Turkey continues rescue work after earthquake death toll hits 111

A teenager and a three-year-old girl were rescued on Monday from under collapsed apartment buildings in Izmir.

Survivors of the deadly quake watch rescue operations in the coastal province of Izmir, Turkey [Murad Sezer/Reuters]

Rescue teams have rescued two girls alive from the wreckage of their collapsed apartment buildings in the Turkish coastal area of Izmir, three days after a powerful earthquake hit Turkey and Greece.

The overall death toll reached 111 on Monday after teams found more bodies overnight and Monday morning amid the rubble in Izmir, Turkey’s third-largest city.

More than 1,000 people were injured in the quake, which was centred in the Aegean Sea, northeast of the Greek island of Samos. It killed two teenagers on Samos and injured at least 19 other people on the island.

More than 898 wounded victims have so far been discharged from hospitals, according to Turkey’s disaster and emergency authority (AFAD).

More than 3,500 tents and 13,000 beds were supplied to provide temporary shelter in Izmir, it added.

Early Monday, nearly 65 hours after the quake, three-year-old Elif Perincek was pulled from the debris in the Bayrakli district of western Izmir province.

Elif was the 106th person to be rescued from the rubble and was taken to hospital, Turkey’s state-run Anadolu news agency reported.

Rescue workers clapped and cheered as a 14-year-old girl was also extricated from another collapsed building, Turkey’s IHA private agency reported.

Idil Sirin was pulled out of the remains of Emrah Apartment, where she was under the rubble for 58 hours with her sister Ipek Sirin, 8, who did not survive, NTV television reported.

Sirin was rushed off to hospital immediately after her rescue.

In a Twitter post, Mehmet Gulluoglu, the head of AFAD, expressed his gratitude for rescue of Elif Perincek.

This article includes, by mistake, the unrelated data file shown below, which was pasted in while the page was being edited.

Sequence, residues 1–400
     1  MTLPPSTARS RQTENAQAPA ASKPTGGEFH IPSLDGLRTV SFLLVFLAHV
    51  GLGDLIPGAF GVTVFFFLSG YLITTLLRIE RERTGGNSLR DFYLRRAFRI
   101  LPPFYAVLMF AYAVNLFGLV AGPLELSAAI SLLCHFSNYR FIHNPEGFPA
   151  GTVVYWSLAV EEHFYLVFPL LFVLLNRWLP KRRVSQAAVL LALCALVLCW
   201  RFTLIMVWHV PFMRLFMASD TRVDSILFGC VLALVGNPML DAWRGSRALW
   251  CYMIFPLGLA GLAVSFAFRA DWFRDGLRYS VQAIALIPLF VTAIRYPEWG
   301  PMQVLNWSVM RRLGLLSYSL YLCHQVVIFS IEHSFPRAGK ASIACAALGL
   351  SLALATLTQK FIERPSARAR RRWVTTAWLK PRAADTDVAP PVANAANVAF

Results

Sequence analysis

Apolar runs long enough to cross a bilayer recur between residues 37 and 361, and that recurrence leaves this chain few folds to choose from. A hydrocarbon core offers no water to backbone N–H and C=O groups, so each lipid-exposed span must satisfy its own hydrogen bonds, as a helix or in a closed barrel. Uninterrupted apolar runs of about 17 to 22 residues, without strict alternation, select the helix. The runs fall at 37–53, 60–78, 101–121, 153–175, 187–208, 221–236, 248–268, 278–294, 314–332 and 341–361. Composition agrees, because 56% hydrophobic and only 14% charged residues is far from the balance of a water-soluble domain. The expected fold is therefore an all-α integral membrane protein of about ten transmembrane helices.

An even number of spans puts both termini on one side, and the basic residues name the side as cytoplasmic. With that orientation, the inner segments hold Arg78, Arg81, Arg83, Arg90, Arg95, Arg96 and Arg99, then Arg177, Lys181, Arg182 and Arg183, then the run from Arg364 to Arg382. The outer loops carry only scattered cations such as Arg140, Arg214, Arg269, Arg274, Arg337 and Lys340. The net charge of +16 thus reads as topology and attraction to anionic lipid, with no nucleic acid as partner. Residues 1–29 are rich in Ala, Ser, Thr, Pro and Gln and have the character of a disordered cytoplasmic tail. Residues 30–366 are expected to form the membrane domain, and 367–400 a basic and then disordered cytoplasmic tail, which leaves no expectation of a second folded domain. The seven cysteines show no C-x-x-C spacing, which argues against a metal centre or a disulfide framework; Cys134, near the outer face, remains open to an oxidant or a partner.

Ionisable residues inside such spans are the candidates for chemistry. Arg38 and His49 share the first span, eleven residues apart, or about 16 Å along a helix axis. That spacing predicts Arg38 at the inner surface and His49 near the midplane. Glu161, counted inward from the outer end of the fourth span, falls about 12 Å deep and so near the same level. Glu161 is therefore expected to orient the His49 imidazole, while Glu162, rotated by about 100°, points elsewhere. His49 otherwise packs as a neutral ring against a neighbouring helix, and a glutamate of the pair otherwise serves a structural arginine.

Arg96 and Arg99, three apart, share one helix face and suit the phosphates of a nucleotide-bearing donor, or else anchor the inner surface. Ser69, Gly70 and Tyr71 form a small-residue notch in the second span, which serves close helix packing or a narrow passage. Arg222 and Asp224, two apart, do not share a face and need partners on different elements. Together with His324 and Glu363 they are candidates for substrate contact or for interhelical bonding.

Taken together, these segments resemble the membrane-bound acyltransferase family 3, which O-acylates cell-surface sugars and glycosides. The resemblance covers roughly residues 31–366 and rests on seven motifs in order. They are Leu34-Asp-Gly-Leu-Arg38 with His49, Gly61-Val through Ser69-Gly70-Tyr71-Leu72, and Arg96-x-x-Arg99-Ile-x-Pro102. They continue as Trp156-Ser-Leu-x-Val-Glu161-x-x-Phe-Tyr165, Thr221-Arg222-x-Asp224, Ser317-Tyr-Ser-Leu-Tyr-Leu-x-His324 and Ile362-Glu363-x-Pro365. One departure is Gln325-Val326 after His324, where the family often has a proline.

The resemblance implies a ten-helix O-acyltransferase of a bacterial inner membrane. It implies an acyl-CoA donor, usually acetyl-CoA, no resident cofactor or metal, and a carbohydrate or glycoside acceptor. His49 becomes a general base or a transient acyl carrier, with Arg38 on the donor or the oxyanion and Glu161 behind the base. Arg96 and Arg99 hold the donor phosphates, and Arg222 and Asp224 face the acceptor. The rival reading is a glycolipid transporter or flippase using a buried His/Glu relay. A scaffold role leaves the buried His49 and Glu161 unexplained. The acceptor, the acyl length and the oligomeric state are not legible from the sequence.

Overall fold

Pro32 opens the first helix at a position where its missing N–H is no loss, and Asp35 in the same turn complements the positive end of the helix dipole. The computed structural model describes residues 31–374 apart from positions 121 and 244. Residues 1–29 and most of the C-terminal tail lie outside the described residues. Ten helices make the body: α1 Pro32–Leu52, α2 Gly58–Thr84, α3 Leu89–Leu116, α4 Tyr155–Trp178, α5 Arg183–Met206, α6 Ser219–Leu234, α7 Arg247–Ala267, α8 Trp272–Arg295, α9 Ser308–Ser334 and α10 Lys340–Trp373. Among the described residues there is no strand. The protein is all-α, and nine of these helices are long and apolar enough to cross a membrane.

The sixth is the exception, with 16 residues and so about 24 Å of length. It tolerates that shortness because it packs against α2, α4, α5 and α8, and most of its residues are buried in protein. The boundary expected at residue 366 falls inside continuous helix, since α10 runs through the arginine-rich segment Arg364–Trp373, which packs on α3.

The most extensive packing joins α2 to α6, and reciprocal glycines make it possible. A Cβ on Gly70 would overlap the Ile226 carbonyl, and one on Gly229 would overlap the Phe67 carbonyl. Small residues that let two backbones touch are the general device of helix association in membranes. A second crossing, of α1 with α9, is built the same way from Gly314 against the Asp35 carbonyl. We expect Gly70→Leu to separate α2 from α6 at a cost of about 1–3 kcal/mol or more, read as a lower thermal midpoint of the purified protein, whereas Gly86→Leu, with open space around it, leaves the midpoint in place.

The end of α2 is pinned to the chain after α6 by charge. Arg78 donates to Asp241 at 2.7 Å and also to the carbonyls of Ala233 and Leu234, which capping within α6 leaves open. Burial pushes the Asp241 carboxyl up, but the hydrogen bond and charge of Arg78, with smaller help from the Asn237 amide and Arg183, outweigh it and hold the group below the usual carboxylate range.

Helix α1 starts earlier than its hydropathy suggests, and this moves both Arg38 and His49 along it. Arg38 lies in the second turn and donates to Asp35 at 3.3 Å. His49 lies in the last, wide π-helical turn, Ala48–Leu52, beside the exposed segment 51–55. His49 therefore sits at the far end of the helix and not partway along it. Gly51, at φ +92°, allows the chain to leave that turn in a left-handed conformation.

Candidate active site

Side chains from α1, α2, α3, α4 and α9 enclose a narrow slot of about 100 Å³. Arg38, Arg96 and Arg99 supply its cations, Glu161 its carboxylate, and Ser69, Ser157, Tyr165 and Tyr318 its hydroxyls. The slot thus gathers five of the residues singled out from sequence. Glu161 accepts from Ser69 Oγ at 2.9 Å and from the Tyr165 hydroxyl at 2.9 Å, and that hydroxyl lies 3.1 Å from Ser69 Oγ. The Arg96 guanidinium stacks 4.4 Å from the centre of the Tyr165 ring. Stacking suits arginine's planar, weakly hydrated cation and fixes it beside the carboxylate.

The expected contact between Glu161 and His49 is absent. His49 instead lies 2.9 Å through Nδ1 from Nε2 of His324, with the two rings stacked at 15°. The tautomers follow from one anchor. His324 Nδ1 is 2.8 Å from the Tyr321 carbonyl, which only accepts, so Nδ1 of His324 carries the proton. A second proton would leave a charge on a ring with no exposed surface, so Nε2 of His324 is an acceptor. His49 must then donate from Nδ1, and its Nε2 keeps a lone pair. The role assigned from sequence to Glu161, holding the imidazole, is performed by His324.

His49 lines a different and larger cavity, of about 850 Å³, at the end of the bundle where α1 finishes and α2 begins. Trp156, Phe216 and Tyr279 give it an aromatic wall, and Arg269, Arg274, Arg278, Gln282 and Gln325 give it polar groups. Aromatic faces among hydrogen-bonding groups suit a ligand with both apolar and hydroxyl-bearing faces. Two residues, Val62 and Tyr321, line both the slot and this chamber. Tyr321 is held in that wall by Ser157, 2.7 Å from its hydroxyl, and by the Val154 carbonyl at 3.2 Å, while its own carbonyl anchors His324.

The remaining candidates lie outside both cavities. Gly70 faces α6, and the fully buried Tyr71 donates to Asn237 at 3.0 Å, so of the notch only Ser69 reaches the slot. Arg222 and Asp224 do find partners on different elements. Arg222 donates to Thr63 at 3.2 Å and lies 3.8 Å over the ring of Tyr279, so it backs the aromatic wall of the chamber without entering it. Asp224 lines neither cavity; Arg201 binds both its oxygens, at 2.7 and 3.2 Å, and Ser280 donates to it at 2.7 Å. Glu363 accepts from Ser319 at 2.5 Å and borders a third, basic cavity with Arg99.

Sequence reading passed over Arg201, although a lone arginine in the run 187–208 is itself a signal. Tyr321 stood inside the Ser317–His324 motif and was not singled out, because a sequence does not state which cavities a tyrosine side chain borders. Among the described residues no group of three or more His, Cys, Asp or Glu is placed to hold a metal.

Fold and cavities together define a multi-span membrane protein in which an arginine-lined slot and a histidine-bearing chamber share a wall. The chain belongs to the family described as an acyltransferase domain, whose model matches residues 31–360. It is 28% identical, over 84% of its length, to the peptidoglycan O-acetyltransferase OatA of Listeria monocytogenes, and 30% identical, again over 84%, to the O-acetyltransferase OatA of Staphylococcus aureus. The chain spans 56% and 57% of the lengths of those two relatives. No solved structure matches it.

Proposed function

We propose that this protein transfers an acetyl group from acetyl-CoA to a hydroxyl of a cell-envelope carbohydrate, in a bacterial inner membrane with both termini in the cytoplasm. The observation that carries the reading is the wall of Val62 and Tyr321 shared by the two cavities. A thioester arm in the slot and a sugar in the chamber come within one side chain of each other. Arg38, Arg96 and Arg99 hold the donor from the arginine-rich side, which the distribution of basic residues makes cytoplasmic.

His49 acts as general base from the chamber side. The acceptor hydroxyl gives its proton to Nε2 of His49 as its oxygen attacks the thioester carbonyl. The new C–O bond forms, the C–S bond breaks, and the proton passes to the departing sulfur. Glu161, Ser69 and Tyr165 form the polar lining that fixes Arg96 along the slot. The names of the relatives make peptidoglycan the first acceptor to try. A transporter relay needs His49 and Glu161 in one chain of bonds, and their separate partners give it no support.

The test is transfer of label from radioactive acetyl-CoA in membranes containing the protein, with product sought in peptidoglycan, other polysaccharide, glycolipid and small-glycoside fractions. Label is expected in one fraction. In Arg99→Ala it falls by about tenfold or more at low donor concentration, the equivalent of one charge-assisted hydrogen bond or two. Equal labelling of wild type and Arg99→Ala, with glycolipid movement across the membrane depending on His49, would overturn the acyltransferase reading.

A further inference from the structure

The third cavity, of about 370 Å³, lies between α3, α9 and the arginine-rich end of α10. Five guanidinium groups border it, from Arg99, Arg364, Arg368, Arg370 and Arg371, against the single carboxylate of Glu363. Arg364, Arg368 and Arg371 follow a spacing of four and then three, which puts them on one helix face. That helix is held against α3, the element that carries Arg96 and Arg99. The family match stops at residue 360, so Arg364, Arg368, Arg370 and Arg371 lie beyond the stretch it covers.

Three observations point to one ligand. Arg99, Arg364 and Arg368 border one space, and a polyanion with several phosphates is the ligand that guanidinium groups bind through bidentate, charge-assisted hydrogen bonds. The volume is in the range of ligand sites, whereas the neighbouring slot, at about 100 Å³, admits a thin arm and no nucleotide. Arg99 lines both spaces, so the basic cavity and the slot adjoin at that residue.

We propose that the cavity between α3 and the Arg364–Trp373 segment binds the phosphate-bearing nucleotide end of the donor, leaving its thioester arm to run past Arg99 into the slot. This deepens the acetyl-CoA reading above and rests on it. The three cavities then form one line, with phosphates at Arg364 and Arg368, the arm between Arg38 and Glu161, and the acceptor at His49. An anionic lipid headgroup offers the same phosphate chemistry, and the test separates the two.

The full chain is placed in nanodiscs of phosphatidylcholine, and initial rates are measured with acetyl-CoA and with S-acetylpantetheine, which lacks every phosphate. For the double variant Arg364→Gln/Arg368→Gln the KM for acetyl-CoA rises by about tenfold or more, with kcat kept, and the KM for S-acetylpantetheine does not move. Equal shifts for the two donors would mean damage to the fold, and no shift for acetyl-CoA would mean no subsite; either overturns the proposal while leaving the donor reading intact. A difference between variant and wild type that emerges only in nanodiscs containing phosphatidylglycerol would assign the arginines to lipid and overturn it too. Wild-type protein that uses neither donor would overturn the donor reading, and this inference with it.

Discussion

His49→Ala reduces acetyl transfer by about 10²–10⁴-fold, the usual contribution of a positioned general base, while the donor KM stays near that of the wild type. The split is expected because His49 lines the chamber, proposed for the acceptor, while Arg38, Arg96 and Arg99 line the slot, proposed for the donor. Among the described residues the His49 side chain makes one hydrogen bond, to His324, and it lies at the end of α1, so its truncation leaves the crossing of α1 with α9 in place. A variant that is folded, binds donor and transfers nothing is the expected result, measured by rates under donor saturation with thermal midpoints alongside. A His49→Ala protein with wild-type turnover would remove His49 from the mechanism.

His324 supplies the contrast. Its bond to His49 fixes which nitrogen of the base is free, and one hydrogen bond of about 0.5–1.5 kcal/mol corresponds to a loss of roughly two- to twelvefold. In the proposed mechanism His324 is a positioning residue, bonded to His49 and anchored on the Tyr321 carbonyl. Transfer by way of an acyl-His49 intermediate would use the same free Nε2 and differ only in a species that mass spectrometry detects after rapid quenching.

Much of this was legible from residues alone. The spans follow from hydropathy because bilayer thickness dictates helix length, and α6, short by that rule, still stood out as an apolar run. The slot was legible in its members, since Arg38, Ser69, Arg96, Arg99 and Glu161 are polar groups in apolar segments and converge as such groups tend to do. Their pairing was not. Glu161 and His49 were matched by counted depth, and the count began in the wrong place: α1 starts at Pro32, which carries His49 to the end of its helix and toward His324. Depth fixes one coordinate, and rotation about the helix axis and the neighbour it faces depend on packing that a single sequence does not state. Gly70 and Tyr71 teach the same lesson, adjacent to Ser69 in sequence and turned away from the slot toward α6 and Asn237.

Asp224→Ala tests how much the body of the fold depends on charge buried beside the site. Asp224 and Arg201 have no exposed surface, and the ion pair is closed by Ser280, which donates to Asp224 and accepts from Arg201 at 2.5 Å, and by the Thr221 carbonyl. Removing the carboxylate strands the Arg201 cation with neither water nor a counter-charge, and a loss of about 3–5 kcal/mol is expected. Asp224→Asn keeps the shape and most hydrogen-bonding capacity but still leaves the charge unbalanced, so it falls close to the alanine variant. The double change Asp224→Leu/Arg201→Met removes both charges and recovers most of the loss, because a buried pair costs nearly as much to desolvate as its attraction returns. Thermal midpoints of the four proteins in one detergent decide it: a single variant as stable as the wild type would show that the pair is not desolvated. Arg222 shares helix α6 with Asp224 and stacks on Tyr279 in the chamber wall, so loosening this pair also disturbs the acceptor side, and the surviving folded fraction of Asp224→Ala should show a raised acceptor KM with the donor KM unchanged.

Translation: God, we thank you a thousand times. We rescued Elif alive from under the apartment building.

Elif’s mother, Seher Dereli Perincek, her 10-year-old twin siblings Ezel and Elzem, as well as their seven-year-old brother Umut were pulled from the rubble 23 hours after the earthquake struck. Umut later died while the mother and children are receiving medical care.

Turkey, which is among the world’s most seismically active zones, is crossed by fault lines and is prone to earthquakes. In 1999, two powerful quakes killed 18,000 people in northwestern Turkey.

There has been some debate over the magnitude of the earthquake. The US Geological Survey rated it 7.0, while Istanbul’s Kandilli Institute put it at 6.9, and Turkey’s emergency management agency said it measured 6.6.

Turkey has a mix of older buildings and cheap or illegal construction, which can lead to serious damage resulting in deaths when earthquakes hit. Regulations have been tightened to strengthen or demolish buildings and urban renewal is under way in Turkish cities, but it is not happening fast enough.

The quake triggered a small tsunami that hit Greece’s Samos and the Seferihisar district of Izmir, drowning one elderly woman. The tremors were felt across western Turkey, including in Istanbul as well as in the Greek capital of Athens. Hundreds of aftershocks followed.

Source: Al Jazeera and news agencies